In the mid-1990s, ER was one of the hottest shows on television, and revisiting its fifth season (1998-1999) on DVD, it's easy to see why. Since its debut, ER has been a masterfully constructed drama. For longtime fans, the structure of the show might be a little predictable, as each episode generally focuses on a day in the hospital, leading the viewer through the multiple cases the featured emergency room doctors and nurses cover; however, the particulars of the various maladies aren't what keeps fans coming back for more, it's the cast of characters. The show's producers set up a formula that factored in the many personality types that needed to be covered: the well-meaning young doctor, the tender veteran, the egomaniac, the rebel, etc. It's a formula that has served them well over the years, allowing them to remove and add pieces as need be, meaning the ensemble never relied too much on one star to keep the series continue ticking.
As a regular watcher who has kept up with the show through the years but who has only re-watched season 1 on DVD, ER - The Complete Fifth Season is an excellent place to return to. The first episode, "Day For Knight," serves as a great introduction to the program. Told from the point of view of a new medical student, Lucy Knight (Life Goes On's Kellie Martin), the viewer gets to follow her on her first day, getting a tour of the ER and being brought up to speed on who the players are and where they are at in their medical careers. For instance, John Carter (Noah Wyle) has now been moved up from student to teacher, in a lot ways making eager beaver Knight his replacement. Carter was the natural student whose sensitivity and ambition were always at odds, issues that will continue to dog him now that he is becoming a mentor. Also, we get to see the camaraderie of the staff as they all conspire to surprise their desk manager, Jerry (Abraham Benrubi), on his birthday.
One of the more important story points that comes to the fore in "Day For Knight," though, is the status of Doug Ross. Ross was played by George Clooney, and ER had finally pushed the veteran television actor onto the movie-star map. Season 5 is his last year on the show, and most of the first half of the season is devoted to preparing for the character's exit. In episode 5.1, Ross is on probation for having taken dangerous measures to save a baby born with a drug addiction. He will eventually parlay the lessons he learned from this maverick move into a greater standing in the hospital, but with a greater height comes a greater fall, and another drastic tactic makes his position at County General untenable. Clooney was a perfect choice for Doug Ross because he wasn't afraid to play his natural charisma and good looks for what they were. The dapper doc was always more than a simple anti-authority figure, but a character with real conflicts. His consistent self-belief coupled with his inability to see the consequences of his actions made him noble and tragic.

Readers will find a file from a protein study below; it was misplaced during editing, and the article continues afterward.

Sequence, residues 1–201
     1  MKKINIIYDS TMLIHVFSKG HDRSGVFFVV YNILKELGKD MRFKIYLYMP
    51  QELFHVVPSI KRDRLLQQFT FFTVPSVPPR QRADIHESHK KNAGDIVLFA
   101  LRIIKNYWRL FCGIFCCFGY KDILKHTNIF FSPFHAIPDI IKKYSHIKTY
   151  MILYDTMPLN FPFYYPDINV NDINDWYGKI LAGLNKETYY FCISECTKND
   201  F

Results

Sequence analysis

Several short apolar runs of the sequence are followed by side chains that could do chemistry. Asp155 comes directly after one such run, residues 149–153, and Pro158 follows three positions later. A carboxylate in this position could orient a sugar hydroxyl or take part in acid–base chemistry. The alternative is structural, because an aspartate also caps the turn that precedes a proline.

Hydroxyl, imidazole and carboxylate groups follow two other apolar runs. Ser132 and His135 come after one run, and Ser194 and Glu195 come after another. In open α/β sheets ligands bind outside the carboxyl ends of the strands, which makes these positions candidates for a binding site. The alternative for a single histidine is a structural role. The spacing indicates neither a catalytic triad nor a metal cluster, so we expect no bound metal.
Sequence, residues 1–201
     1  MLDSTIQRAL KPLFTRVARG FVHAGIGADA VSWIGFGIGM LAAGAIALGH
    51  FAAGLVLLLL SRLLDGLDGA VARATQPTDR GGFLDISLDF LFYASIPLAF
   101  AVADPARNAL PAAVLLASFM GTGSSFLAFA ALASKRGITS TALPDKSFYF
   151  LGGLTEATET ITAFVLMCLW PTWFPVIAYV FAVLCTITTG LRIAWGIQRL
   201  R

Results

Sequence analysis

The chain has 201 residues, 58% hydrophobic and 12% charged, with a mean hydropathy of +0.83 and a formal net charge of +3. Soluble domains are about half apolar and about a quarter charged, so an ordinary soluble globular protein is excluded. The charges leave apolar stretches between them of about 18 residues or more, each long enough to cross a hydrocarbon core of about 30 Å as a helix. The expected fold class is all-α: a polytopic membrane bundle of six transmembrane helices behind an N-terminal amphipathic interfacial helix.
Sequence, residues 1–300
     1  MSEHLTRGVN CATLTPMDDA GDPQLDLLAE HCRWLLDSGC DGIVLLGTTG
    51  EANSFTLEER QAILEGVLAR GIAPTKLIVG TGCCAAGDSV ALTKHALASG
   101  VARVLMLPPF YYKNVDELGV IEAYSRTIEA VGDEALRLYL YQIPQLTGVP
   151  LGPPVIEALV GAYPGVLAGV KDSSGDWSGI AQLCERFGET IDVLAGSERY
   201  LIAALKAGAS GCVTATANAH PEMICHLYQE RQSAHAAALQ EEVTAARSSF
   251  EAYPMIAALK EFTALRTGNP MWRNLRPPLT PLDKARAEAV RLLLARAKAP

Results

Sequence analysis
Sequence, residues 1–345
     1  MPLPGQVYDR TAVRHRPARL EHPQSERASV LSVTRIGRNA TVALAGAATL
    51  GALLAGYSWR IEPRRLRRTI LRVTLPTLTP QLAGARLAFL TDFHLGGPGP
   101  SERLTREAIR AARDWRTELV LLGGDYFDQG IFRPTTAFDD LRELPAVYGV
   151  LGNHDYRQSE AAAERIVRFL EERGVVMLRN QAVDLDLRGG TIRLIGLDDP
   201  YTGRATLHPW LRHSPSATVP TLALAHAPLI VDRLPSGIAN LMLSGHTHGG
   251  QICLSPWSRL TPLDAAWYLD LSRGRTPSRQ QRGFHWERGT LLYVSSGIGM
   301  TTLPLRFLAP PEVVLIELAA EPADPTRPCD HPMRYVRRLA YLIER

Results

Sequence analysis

Given that Clooney exits in a mid-season two-parter ("The Storm"), it's hard to imagine the show bouncing back as easily as it does. His character had two of the better relationships on ER: the romance between Ross and Nurse Hathaway (Julianna Margulies), and his friendship with Jeanie Boulet (the luminous Gloria Reuben), who serves as his sidekick and kindred spirit, despite her soft-spoken demeanor. Both relationships vibrate with genuine emotion and give the show a lot of heart. This, of course, makes it rather painful when Ross leaves, particularly as it tears him and Hathaway apart.
One of the ways the producers combated the void left by Clooney was to strike up a new relationship between the lead ER doc, Mark Greene (Anthony Edwards), and the struggling British surgeon Elizabeth Corday (Alex Kingston). Their courtship is drawn over the final handful of episodes, and the two lonely doctors finding comfort in one another feels like a natural fit. Other story lines that run through the season include Dr. Peter Benton (Eriq La Salle) learning to deal with his son's newly discovered deafness, Kerry Weaver (Laura Innes, who also directs episode 5.20) struggling with her place in the ER and in the world as she begins searching for her birth mother, and Hathaway's discovery that she is pregnant after Ross leaves. Through all of these, the characters we have been getting to know over the years continue to grow, giving viewers every reason to stick with them.